Server road map: Beyond quad-core

In 1973, Pete Townshend and The Who wrote and sang about Quadrophenia. And although it took another 34 years for quad-core servers to be counted as a commercial success, by all accounts, multicore server evolution is just beginning.

As the decade draws to a close, x86-based servers will have eight or even 16 cores in a single chip, said Nathan Brookwood, an analyst at Insight 64. The reason: Adding more cores is the fastest way to performance gains.

Improving memory technology can add 5 percent to 10 percent to system performance, and an updated processor architecture might provide an additional 10 percent boost, Brookwood said. But doubling core density within a processor can instantly add 50 percent or more in performance.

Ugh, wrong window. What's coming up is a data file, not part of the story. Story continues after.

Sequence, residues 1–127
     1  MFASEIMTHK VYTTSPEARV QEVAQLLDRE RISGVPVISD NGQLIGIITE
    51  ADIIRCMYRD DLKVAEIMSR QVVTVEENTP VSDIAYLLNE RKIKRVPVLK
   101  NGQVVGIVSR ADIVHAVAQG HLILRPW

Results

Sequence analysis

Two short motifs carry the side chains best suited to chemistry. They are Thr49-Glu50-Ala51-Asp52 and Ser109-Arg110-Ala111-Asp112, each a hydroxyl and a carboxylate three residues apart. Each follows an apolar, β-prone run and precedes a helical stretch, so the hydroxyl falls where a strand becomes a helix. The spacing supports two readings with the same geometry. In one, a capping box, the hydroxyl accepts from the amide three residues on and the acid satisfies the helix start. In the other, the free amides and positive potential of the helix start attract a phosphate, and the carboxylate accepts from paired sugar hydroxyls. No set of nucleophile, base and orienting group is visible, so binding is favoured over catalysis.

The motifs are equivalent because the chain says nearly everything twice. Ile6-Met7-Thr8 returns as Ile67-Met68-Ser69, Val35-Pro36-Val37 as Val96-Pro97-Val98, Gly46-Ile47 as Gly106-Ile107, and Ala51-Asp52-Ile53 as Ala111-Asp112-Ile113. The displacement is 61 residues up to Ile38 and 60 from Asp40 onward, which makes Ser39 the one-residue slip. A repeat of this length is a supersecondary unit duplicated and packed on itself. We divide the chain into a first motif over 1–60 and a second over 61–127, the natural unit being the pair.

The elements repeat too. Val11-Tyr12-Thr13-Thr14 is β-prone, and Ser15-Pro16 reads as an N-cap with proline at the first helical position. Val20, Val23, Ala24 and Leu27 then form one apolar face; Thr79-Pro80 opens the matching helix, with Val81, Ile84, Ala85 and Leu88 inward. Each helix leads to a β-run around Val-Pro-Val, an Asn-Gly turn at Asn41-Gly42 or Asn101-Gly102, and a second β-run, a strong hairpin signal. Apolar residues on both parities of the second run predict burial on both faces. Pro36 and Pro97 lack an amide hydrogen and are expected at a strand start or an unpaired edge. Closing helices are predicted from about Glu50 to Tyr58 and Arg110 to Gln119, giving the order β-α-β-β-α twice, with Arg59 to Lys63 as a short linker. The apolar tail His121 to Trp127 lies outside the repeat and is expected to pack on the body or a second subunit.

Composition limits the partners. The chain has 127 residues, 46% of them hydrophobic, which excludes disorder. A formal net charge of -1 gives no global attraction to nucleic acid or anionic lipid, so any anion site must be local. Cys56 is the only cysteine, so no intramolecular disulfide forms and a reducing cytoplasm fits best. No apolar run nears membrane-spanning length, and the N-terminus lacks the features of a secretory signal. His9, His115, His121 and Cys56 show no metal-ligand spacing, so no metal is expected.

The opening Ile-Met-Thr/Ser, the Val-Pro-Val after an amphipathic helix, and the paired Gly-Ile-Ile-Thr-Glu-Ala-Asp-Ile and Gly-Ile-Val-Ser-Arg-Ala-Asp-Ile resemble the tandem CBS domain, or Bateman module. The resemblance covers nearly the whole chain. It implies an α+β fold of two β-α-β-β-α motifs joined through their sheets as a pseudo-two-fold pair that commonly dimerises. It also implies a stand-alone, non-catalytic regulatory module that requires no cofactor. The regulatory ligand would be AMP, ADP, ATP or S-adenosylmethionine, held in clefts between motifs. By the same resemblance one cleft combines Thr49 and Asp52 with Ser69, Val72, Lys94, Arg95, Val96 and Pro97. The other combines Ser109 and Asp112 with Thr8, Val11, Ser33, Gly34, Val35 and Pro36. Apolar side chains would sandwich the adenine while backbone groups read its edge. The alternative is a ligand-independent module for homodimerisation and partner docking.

"Compare the level of performance gain we are seeing with quad-core processors to what Intel was able to provide in the move from Pentium 3 to Pentium 4," Brockwood said. Even though the Pentium 4 was a whole new microarchitecture, the move boosted performance by only around 20 percent, he explained. Intel's first quad-core Xeons, by contrast, are promising a 40 percent or greater increase.

There seems to be no point in the foreseeable future at which doubling cores every two years for mainstream servers will reach diminishing returns. Eight-core designs in 2009, 16 cores in 2011 and 32 cores in 2013 will be the route to processor performance enhancement just about indefinitely, most observers agree.

"There is always more work to be done," said Martin Reynolds, a Gartner Inc. analyst. "With more cores, you can get more work done."